A steady stream of cars made their way across the toll bridge as it reopened Wednesday morning, accompanied by the cheers of toll-both workers. The FDOT had said as late as Tuesday afternoon that the bridge was not expected to reopen until sometime Wednesday evening.

DESTIN — The Mid-Bay Bridge, closed for more than a week as Florida Department of Transportation crews and contractors made emergency repairs to damaged steel cables, opened to some traffic at 11 a.m. Wednesday, ahead of when the FDOT had indicated it would reopen.

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A steady stream of cars made their way across the toll bridge as it reopened Wednesday morning, accompanied by the cheers of toll-both workers. The FDOT had said as late as Tuesday afternoon that the bridge was not expected to reopen until sometime Wednesday evening.

Until more extensive repairs can be made, traffic will be limited to two-axle vehicles including cars, trucks, SUVs, school buses and limited EMS and first responder equipment. Semi-trucks and commercial vehicles will be required to use alternate routes until permanent repairs to the Mid-Bay Bridge are complete. Variable message boards will be placed on both ends of the bridge to alert drivers about the temporary restrictions.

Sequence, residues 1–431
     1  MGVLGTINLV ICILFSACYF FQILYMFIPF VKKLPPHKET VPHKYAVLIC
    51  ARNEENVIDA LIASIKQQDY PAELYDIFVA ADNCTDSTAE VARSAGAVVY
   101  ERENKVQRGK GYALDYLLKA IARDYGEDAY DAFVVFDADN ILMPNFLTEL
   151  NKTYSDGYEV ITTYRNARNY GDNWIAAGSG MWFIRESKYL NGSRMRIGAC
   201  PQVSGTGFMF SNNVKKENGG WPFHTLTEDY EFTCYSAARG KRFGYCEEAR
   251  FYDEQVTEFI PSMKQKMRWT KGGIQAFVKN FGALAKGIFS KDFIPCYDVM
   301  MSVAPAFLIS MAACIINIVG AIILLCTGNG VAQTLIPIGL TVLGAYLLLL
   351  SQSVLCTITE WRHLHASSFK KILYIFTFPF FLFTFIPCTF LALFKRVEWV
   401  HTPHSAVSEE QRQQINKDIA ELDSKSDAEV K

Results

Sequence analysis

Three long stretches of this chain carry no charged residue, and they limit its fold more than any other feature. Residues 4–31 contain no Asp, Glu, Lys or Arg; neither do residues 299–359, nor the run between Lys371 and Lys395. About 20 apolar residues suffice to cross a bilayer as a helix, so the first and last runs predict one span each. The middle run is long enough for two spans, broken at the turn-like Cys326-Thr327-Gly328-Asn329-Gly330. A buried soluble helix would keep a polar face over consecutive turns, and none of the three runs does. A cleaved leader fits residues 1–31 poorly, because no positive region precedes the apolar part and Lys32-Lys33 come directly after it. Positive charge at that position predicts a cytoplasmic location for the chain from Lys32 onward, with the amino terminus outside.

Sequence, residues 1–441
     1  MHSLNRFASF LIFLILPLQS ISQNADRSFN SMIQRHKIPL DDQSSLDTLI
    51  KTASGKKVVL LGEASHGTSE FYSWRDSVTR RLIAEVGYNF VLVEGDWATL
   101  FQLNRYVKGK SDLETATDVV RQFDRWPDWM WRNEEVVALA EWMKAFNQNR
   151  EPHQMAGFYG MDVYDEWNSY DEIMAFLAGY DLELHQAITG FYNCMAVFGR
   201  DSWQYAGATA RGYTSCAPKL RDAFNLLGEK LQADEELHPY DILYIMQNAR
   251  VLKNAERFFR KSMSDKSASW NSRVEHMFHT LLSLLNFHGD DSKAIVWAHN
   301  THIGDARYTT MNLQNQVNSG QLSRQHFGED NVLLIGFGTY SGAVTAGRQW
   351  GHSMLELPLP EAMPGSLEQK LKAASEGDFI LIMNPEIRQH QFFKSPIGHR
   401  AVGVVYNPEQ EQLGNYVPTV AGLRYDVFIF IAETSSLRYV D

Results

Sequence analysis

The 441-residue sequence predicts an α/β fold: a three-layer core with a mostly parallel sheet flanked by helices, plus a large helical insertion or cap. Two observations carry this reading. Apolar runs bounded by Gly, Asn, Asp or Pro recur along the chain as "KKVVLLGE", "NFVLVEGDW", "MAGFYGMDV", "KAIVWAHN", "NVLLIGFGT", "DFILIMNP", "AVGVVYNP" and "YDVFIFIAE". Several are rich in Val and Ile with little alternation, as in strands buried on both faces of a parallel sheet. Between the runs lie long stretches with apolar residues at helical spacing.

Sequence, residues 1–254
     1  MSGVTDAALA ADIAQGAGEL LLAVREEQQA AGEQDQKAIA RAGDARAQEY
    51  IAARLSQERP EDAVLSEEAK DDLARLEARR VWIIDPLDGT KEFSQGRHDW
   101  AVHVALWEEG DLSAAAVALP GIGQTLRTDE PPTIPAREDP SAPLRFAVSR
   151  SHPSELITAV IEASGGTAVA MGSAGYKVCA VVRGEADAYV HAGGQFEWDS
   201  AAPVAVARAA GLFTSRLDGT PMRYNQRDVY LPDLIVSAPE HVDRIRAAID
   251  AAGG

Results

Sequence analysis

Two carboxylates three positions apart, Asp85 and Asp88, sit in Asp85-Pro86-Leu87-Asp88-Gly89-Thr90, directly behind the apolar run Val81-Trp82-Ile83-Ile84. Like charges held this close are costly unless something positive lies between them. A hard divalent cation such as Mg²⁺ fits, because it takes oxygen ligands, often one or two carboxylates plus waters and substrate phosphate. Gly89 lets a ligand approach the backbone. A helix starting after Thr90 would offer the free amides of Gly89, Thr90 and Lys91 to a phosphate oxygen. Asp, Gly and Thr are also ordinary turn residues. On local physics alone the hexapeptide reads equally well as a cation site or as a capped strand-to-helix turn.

FDOT engineers and Mid-Bay Bridge Authority consultants have inspected the bridge and performed tests to verify that the bridge is structurally sound, according to a press release from the agency.

The bridge had been closed since Tuesday evening, after a routine inspection revealed problems with the post-tensioning steel cables installed along the length of the span.

 

FDOT officials were not immediately available Wednesday for comment on how long it will be before the bridge is open to all traffic. Prior to the Mid-Bay Bridge's reopening on Wednesday, FDOT crews and contractors worked 16-hour days, in two shifts, to get the bridge opened to most two-axle vehicles.

As a result of the more than week-long closure, lost toll collections totaled an estimated $275,000, according to Van Fuller, executive director of the Mid-Bay Bridge Authority.

"We were fortunate that January is a light traffic month," Fuller said.

The most recent round of lost toll revenue comes on the heels of the suspension of tolls on the Mid-Bay Bridge in October. Then-Gov. Rick Scott suspended tolls on a number of roads and bridges across Northwest Florida as Hurricane Michael approached, and in the aftermath of the storm.

In all, tolls were suspended on the Mid-Bay Bridge for 11 days, Fuller said, precipitating a loss of $750,000 in toll revenue.

Acknowledging that the revenue losses were the result of addressing public safety concerns, they nonetheless represented "a big hit," Fuller said.

Both the toll suspension and the bridge closure came in the same fiscal year, representing a total revenue loss of more than $1 million. Toll revenues cover the debt service on the Mid-Bay Bridge, which will be $20 million for this fiscal year, Fuller said. In addition, toll revenue covers payments to FDOT for operating and maintaining the Mid-Bay Bridge.

Fuller could not say Wednesday how long it might be before FDOT has the Mid-Bay Bridge fully repaired. The agency is still working out those details with contractors, according to Fuller.